BIOG: You end on the moving idea that ultimately this is not a story of crisis and recovery, but it’s about trying, every day. There aren’t cures or drugs that will take this away: it’s up to the men and their families to just keep trying. That might not be the hopeful ending that we want, but it seems to be the real one.

DF: These are people who went to war thinking they knew what it would be about, and then they didn’t. Then they come home changed, into families where the expectation is they’re home now, so everything’s going to be OK. So day-to-day life is something that’s so out of whack – it’s about reacting to what’s now, what’s next – and against that they keep trying to regain some sense of control. They’d like to feel better, and what else is there to do except wake up, and try again?

BIOG: At the end of the book, instead of being an empty gesture, your title starts to feel more genuine. You feel a sense of respect that isn’t just formulaic.

DF: Maybe the point of the title is that you’ll read this and realize whom you’re thanking and what you’re thanking them for. These wars have seemed so distant, but this is not a book about “those people over there.” They’re not them, they’re us: they went to war, they’re trying to feel better, and here they are.


happy-marriage-ann-patchettBiographile, November 5 2013. (Part II November 13 2013.)

Joanna Scutts

By Ann Patchett
Harper. 305pp. $27.99

The award-winning novelist and memoirist, author of the brand-new collection of writings, This Is the Story of a Happy Marriage, and owner of Nashville’s beloved indie bookstore Parnassus, opens up to Biographile about the public role of a writer, and about tempting fate with a title, in the first part of a two-part interview.

BIOGRAPHILE: In your introduction, you present the book as a serendipitous, almost accidental collection of your nonfiction essays. Do you now see a larger story unfolding through these different stories — a thematic through-line?

ANN PATCHETT: Oh, absolutely — I think I was being cavalier [in the introduction] because it took me two years to do it. My friend Niki Castle put it together and then I kept going through and taking out the pieces that I thought were weak and writing something else to build a narrative arc. Then I would read it through again, and something that had seemed really great two or three readings ago now seemed weak, because I kept upping it, kept pulling things out. If it works the way I want it to work, it’s a book about the things that I am deeply committed to: the things that I am, in a sense, married to. Not just my husband — family, friends, dogs, art, work, bookselling. The things that I wouldn’t give up.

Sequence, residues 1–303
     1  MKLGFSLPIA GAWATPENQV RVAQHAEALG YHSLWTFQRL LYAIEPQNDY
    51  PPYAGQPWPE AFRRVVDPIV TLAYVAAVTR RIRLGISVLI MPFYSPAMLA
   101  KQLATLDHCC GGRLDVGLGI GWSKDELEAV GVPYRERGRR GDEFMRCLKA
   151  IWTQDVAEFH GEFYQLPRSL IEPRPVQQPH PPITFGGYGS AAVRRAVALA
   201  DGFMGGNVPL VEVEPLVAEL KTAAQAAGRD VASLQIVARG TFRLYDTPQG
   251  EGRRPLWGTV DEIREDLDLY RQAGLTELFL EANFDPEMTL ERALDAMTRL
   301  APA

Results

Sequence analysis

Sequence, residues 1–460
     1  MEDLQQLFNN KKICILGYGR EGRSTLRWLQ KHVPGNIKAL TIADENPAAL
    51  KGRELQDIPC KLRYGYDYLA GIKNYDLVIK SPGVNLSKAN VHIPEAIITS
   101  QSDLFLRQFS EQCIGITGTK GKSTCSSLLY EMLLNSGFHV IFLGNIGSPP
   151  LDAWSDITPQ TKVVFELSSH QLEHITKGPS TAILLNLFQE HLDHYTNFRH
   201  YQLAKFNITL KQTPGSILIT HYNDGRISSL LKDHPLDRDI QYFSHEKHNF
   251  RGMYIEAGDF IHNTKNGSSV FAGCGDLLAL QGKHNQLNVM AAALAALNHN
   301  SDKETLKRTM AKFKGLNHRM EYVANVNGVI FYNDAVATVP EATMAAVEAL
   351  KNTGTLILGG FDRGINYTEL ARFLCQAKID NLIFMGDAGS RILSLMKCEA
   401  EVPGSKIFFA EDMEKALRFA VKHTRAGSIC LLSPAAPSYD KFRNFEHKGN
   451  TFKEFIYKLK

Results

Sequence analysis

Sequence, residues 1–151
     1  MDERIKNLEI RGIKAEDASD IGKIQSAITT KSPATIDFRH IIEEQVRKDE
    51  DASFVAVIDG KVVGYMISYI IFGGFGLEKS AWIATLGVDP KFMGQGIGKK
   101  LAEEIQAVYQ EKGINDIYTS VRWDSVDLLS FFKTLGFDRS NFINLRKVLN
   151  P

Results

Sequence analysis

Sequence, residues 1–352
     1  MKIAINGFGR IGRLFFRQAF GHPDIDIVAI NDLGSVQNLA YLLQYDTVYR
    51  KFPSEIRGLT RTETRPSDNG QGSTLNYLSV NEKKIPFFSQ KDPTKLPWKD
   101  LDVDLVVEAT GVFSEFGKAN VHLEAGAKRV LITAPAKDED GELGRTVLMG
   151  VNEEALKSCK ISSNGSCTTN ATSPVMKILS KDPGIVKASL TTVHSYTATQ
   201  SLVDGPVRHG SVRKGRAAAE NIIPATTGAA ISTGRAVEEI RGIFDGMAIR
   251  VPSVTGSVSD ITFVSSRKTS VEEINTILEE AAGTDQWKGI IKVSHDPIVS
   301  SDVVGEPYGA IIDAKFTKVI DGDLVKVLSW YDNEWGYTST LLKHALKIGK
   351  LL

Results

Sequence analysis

BIOG: So the title, This Is the Story of a Happy Marriage,is bigger than just the one essay that shares it. When did that emerge as the title for the book?

AP: It was fairly late in the game. On one hand, speaking as a bookseller, it’s a great title. Garrison Keillor was reading at the store last night, and he asked me about the title, and I said it. He looked up and he just looked so shocked, and said, “That’s a great title. It’s fiction, right?” I cracked up and said no, and he said, “That’s terrifying.” And that’s sort of how I felt about it. It’s a great title but it was so scary to me, because it’s as if I’m saying, “My children are beautiful, and they love me, and they get good grades, and they don’t smoke crack” — it’s just a really bad idea from a personal point of view to call a book this, because it’s like inviting the evil into your life. Once I decided to call it that, every time my husband and I had an argument I would say, “Oh, this is great, I’ve got a book coming out in six months called This Is the Story of a Happy Marriage, and look at us now!”

BIOG: You have at least until the paperback version comes out …

AP: That’s right! “This was the story of a happy marriage.” Only have to change two letters.

BIOG: It’s how literary titles tend to go — you’re waiting for the ironic twist.

AP: If nothing else, it’s a title that will make people go to the book and say, “What? What’s that about?” And that’s what you want.

BIOG: There are so many ways it can be read — it brings up ideas of what marriage is, how a happy marriage is different, and what happiness is.

AP: There’s a picture of me on the back of the book, which is something I normally object to, but it’s in the bookstore, and it’s me sitting in this sea of books. There are boxes of books all around, and there are books up to the ceiling, and I’m quite small — and I really like that, because if you picked the book up and turned it over you’d think, well, wait, is she talking about being married to books? And in a way, I am.